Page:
China must step up food safety reform, claims expert

By Neil Merrett

- Last updated on GMT

Related tags: Food safety, Food

China must continue to reform its food safety practices if it
is to maintain consumer confidence in its products, says a food
safety expert from the World Health Organisation (WHO).

Tony Hazzard believes positive steps are being made by the country's authorities, but that more must be done to step up reforms. "It is encouraging that authorities are reviewing their practices,"​ he told AP-FoodTechnology.com. "However, there remains a great urgency forChinato continue its efforts to ensure it has an effective, coordinated and appropriately resourced food control management system in place." ​ China's growing presence within global food production and trade has seen increased public scrutiny over the country's food safety policies. As such, overcoming recent scares regarding contaminated food and ingredients will be vital for both producers and processors, if they wish to maintain consumer confidence in the industry. According to Hazzard, the problems in coordinating the country's food safety efforts stem from the lack of a centralised office to manage food safety issues. "Food control remains spread among a number of government departments and administrations and without effective coordination and cooperation, concerns about the farm-to-table safety of food may arise on occasion,"​ he said. Though the formation of a national State Food and Drug Administration has gone some way in rectifying the problem, Hazzard adds that it still has not fully solved issues over food safety. "There is, as is the case in many countries, the need to continue to strengthen coordination and cooperation efforts to ensure no gaps occur in protection of the safety of food from farm to table,"​ he adds. Following a recent number of high-profile food scares within both domestic and exported food production, Chinese authorities have recently had to face up to some criticism over their procedures. Just this week, authorities in Hong Kong announced they would be following the lead of its mainland counterparts in reviewing its food safety protocols. Regulations on fish, vegetable and fruit products will also be tightened. The new safety bill will impose controls on pesticide residues, along with requiring health certification on any products from the Chinese mainland that enter Hong Kong. Authorities in Shanghai have also enacted similar measures with the recent formation of a rapid response food testing system, designed to step up the tracking and prevention of harmful food and beverage products. They hope the measures will reduce the possibility of further threats to its food exports, after the US Department of Agriculture announced that the banned contaminant melamine had been found in Chinese pet food. The products were fed to hogs and chickens meant for human consumption. The news put EU processors on guard against potential contamination from ingredients sourced from the country. Regulators have began investigating whether the chemical made its way into Europe's food and feed supply chain from China. However, it is not just exported foods which have achieved bad press of late. On 9 April this year, hospital food reportedly contaminated with rat poison was served to 200 people, resulting in one fatality.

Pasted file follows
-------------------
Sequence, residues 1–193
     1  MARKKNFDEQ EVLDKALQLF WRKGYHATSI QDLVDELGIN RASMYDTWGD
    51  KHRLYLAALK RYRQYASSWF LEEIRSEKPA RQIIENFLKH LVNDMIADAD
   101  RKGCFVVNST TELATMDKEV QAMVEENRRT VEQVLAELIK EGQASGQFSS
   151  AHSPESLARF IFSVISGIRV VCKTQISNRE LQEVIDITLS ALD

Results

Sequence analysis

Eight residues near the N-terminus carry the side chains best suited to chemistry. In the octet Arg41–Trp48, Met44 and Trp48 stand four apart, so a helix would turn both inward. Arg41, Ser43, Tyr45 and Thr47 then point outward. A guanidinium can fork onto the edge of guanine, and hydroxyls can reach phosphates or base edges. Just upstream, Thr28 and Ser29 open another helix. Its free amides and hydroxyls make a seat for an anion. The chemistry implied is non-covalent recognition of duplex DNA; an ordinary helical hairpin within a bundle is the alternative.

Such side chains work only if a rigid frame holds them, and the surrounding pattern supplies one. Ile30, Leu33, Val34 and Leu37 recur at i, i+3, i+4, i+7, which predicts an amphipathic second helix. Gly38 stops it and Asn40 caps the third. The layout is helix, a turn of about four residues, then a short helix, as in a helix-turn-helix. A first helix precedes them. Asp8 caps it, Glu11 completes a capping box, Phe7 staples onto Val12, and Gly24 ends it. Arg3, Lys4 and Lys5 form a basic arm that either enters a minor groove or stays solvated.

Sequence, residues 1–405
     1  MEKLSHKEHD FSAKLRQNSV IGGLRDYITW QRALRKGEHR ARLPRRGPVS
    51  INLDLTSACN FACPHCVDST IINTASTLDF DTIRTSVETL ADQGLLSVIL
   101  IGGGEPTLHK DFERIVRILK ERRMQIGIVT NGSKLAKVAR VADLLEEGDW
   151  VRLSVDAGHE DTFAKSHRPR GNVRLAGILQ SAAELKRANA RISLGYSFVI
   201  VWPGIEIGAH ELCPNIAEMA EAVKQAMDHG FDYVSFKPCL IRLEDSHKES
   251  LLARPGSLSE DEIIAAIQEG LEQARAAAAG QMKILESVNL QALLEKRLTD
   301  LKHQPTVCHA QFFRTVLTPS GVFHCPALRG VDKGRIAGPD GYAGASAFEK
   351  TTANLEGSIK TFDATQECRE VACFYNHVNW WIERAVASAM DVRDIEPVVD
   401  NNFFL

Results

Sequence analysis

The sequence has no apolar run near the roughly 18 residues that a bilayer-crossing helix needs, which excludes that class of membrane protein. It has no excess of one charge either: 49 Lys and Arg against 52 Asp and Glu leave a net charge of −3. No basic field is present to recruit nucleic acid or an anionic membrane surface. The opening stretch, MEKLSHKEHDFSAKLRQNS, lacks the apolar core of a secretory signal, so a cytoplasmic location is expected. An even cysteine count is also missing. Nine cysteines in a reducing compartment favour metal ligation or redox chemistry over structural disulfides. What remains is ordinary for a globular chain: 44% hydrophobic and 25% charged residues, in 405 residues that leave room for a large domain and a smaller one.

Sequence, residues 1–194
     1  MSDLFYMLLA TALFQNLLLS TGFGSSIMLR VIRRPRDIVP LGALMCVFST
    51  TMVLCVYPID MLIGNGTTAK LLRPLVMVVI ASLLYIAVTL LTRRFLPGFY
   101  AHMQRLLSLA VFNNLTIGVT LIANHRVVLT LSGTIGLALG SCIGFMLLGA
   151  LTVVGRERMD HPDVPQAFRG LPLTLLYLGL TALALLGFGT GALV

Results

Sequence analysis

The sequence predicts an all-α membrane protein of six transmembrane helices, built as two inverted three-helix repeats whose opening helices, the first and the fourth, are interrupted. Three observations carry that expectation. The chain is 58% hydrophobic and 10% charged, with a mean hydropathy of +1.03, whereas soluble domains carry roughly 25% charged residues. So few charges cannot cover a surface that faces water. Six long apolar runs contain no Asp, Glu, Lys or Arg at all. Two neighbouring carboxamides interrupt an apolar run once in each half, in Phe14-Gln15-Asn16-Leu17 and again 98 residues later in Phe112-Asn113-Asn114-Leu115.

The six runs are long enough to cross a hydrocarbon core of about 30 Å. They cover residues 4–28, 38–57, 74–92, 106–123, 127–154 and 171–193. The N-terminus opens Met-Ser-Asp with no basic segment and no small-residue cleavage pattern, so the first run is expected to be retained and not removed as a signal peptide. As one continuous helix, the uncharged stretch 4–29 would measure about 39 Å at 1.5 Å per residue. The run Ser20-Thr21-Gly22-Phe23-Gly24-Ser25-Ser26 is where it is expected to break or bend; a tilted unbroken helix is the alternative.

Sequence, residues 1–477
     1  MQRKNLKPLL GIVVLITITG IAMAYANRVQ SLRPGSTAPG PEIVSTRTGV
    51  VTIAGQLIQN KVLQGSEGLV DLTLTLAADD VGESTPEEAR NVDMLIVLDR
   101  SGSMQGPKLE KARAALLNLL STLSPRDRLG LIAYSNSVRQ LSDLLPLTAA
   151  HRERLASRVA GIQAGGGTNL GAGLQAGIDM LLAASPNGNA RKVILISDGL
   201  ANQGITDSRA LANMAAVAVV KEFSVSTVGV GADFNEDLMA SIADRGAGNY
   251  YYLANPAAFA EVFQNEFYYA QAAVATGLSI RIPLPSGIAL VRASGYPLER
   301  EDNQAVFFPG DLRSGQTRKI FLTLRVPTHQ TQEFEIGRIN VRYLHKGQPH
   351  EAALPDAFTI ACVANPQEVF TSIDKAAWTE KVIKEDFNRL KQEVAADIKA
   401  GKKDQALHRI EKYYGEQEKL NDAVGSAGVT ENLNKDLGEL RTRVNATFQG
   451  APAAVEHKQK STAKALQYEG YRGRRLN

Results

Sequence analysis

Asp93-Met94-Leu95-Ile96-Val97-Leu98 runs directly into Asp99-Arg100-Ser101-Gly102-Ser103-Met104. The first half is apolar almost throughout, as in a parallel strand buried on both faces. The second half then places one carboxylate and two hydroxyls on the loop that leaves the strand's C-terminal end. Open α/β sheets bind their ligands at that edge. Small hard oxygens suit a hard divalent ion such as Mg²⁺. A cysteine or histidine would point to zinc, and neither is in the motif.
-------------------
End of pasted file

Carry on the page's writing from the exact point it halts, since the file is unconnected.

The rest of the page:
Related topics: Policy, Food safety, East Asia, China

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